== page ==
1. Vitamin E

Like Vitamin C, vitamin E has beneficial effects on eye health showing a reduction in cataracts in those individuals with a high dietary intake.

  1. Lutein

Lutein is a naturally occurring carotenoid. Daily supplementation with 20mg lutein was found to improve vision in dim light. Foods that contain lutein include green leafy vegetables like spinach, kale, and eggs.

  1. Omega 3 fatty acids

Found in fish such as salmon and sardines. It is a well-known anti-inflammatory, meaning it regulates the body’s response to injury or disease. It is known to be preventive for age-related macular degeneration. Being an anti-inflammatory, it has the potential to slow down the age-related protein changes that are characteristic of presbyopia.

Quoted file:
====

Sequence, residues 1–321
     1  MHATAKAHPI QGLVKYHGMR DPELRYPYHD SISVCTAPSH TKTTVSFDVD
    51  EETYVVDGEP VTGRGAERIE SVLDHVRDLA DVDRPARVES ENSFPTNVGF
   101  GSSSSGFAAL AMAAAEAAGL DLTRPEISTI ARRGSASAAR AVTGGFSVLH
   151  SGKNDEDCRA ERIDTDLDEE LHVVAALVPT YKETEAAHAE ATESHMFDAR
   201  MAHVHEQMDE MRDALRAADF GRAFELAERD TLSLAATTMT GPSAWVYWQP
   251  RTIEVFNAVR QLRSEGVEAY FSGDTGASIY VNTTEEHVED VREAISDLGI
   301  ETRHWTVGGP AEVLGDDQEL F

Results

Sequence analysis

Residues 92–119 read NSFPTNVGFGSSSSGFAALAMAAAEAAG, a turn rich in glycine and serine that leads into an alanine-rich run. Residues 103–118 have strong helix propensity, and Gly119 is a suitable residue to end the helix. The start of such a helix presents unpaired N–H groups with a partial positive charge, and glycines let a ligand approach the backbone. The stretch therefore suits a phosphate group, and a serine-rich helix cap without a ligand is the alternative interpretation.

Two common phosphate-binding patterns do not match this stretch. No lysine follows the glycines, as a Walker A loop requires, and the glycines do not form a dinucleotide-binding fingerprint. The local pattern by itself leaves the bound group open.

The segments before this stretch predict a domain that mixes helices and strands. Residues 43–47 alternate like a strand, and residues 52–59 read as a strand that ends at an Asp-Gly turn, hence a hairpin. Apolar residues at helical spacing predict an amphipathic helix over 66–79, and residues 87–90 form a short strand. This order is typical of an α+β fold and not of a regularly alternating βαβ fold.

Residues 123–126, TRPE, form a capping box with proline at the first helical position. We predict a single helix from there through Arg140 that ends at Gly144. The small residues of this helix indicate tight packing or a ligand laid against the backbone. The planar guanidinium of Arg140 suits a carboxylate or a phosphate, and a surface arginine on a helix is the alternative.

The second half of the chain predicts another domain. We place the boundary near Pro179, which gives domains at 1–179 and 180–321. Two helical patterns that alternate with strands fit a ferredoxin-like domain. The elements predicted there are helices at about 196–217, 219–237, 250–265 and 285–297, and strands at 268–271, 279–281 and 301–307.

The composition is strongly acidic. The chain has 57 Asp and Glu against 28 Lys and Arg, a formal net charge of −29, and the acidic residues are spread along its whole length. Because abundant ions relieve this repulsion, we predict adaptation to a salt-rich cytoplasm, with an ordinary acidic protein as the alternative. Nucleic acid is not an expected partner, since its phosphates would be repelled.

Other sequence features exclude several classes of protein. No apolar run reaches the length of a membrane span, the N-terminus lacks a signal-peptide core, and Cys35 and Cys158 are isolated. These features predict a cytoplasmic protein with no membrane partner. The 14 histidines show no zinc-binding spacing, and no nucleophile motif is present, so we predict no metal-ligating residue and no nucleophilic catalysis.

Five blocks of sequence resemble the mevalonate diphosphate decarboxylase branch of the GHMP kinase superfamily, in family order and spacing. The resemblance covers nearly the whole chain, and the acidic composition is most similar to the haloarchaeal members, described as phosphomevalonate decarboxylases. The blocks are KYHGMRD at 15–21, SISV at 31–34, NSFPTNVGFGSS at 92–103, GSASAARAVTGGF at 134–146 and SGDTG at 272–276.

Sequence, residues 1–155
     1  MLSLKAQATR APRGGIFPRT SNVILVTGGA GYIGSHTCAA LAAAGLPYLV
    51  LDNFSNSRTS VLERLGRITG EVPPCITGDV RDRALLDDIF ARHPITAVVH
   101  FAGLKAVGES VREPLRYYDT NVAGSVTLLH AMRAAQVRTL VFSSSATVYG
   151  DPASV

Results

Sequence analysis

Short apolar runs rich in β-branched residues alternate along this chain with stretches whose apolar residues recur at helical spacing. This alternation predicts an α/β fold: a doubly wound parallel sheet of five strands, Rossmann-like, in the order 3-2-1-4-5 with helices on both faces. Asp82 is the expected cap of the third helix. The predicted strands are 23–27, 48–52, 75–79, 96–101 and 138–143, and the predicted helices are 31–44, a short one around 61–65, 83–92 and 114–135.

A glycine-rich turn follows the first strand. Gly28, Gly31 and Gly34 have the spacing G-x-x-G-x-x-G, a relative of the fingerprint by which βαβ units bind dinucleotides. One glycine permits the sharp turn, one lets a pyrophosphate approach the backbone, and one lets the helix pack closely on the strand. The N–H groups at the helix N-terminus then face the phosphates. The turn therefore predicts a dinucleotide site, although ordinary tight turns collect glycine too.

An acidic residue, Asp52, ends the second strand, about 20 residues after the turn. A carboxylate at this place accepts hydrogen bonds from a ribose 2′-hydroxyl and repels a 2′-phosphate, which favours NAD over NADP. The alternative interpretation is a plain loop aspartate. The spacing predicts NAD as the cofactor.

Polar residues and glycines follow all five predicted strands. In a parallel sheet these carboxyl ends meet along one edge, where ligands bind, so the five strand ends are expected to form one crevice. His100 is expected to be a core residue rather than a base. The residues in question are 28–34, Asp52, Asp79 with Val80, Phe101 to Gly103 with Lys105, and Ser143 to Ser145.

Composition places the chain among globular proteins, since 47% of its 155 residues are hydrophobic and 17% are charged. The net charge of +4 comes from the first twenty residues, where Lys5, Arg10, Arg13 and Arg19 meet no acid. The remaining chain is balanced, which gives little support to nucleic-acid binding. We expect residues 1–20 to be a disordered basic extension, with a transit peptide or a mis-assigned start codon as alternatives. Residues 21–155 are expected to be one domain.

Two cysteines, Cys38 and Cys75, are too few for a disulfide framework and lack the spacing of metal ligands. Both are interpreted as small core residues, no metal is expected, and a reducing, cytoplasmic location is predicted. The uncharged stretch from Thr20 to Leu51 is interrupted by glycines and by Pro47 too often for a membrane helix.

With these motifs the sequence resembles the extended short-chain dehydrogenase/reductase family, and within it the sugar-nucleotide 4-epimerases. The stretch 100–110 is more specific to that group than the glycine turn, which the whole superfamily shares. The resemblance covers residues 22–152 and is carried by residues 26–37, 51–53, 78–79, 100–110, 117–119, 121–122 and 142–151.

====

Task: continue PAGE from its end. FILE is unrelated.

1. Co-enzyme Q10

CoQ10 plays several roles in the body, including acting as an anti-oxidant in the protection of lipids, proteins, and DNA. It is detectable in the retina and tends to reduce with aging. Studies have shown that it is beneficial in slowing down the progression of macular degeneration. As a potent anti-oxidant, it may be beneficial at protecting the degenerative protein changes that occur in the lens thus protecting against presbyopia.

  1. Zinc

Zinc plays the role of ‘transporting’ vitamin A from the liver to the retina. As we age the levels of zinc tend to diminish making us prone to visual problems. Supplementation may be necessary and you may need to consult your doctor to explore your options.

Are there any drug treatments for presbyopia?